Near Jenkinsville in Fairfield County, South Carolina — The American South (South Atlantic)
Old Brick Church
American Presbyterian and Reformed Historical Site
Erected 1962 by Fairfield County Chamber of Commerce. (Marker Number 20-2 / 272.)
Topics and series. This historical marker is listed in these topic lists: Cemeteries & Burial Sites • Churches & Religion • War, US Civil. In addition, it is included in the American Presbyterian and Reformed Historic Sites series list. A significant historical month for this entry is May 1865.
Location. 34° 19.177′ N, 81° 15.649′ W. Marker is near Jenkinsville, South Carolina, in Fairfield County. Marker is on Monjicono Road (State Highway 213) half a mile west of Landis Road, on the left when traveling west. Touch for map. Marker is in this post office area: Jenkinsville SC 29065, United States of America. Touch for directions.
Other nearby markers. At least 8 other markers are within 8 miles of this marker, measured as the crow flies. Kincaid-Anderson House (approx. 1.1 miles away); Industry Evolution on the Broad RiverIndustry Evolution on the Broad River (approx. 1½ miles away); Nuclear Power (approx. 4½ miles away); The Oaks (approx. 4.8 miles away); Peak (approx. 6½ miles away); Hope Rosenwald School (approx. 6.8 miles away); St. John's Church (approx. 7.8 miles away).
Regarding Old Brick Church. The Ebenezer Associate Reformed Presbyterian Church was listed in the National Register of Historic Places in 1971. This church is also one of 445 American Presbyterian and Reformed Historical Sites registered between 1973 and 2003 by the Presbyterian Historical Society (PHS), headquartered in Philadelphia. Approved sites received a metal plaque featuring John Calvin’s seal and the site’s registry number (PHS marker location unknown).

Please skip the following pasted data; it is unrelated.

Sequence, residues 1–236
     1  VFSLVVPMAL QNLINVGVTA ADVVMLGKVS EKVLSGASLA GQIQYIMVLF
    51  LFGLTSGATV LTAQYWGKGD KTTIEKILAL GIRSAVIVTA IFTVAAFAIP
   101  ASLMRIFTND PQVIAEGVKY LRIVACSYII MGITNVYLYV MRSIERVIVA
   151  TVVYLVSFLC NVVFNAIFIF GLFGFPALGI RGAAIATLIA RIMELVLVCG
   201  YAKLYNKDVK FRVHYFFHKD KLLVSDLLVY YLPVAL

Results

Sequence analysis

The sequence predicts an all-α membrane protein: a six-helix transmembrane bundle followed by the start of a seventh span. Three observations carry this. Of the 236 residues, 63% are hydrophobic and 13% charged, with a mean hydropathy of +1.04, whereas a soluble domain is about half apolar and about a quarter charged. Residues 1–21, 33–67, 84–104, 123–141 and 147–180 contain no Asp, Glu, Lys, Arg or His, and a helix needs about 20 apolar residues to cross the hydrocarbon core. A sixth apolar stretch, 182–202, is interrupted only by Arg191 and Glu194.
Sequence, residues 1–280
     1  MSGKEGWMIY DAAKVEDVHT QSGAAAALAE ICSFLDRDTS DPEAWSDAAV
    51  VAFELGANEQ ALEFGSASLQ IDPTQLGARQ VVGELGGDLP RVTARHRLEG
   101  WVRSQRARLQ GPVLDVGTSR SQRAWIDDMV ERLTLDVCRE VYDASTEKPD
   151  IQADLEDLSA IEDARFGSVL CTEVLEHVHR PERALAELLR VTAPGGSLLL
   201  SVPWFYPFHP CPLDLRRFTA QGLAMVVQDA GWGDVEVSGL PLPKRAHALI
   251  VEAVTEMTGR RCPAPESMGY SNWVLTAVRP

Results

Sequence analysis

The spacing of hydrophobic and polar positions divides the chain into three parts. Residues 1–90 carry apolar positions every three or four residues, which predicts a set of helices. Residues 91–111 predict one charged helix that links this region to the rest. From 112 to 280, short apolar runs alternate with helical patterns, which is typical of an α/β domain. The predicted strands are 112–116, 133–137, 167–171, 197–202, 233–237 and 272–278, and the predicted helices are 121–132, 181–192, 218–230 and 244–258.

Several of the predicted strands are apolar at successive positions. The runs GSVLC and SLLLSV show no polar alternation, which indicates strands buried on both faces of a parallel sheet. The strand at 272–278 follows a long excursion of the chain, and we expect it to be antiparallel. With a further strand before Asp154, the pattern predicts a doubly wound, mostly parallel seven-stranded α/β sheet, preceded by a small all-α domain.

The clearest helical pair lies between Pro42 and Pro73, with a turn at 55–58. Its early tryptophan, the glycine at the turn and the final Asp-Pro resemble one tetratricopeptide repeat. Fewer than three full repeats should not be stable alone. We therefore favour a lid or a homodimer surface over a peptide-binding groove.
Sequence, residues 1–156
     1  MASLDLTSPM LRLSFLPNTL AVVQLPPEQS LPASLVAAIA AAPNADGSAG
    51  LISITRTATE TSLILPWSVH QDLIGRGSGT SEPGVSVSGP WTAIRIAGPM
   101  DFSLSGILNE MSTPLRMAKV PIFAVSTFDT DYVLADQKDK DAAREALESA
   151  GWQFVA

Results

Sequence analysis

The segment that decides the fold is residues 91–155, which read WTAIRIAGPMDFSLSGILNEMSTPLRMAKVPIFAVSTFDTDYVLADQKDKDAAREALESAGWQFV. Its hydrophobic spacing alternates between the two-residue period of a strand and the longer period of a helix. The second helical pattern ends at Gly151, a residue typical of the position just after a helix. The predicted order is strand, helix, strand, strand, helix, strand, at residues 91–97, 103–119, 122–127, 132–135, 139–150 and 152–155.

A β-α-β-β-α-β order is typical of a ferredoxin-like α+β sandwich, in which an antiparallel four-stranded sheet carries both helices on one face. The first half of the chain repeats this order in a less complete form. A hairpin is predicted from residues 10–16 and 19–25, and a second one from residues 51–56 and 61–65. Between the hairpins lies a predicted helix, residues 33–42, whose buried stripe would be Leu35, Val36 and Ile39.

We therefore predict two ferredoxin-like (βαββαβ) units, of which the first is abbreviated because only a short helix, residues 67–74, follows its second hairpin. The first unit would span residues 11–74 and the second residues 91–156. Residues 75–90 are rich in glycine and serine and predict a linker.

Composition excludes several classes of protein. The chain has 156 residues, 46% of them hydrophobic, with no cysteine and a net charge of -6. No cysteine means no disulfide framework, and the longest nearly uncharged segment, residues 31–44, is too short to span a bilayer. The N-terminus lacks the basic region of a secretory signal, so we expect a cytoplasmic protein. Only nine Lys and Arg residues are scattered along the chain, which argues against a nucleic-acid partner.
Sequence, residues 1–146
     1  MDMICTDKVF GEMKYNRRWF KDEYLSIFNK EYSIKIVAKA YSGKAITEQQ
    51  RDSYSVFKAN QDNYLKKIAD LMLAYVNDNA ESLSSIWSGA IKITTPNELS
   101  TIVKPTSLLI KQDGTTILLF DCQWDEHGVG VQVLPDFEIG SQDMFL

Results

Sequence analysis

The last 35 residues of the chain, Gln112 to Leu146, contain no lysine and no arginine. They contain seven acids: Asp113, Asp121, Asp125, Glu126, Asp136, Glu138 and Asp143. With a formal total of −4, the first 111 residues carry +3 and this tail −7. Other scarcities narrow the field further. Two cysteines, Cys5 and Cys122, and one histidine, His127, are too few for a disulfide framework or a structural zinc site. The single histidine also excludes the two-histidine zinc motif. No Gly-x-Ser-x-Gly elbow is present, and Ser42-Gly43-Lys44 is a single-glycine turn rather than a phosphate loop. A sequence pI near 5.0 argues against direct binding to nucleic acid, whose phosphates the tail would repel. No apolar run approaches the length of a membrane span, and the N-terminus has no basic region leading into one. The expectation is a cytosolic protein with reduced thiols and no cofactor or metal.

The following text is taken from the Presbyterian Historical Society website:
Usually known as “the Brick Church,” the present building was constructed in 1788. It was the first brick house of worship in the area. The Associate Reformed Synod of the Carolinas was organized here in 1803, and James Rogers, the church’s minister, was elected the first moderator. In 1852, the church
Also see . . . South Carolina Department of Archives and History. (Submitted on December 10, 2008, by Michael Sean Nix of Spartanburg, South Carolina.)
Credits. This page was last revised on August 5, 2021. It was originally submitted on December 9, 2008, by Michael Sean Nix of Spartanburg, South Carolina. This page has been viewed 1,976 times since then and 204 times this year. Last updated on August 16, 2018, by Douglass Halvorsen of Klamath Falls, Oregon. Photos: 1, 2, 3, 4, 5. submitted on December 9, 2008, by Michael Sean Nix of Spartanburg, South Carolina. • Bernard Fisher was the editor who published this page.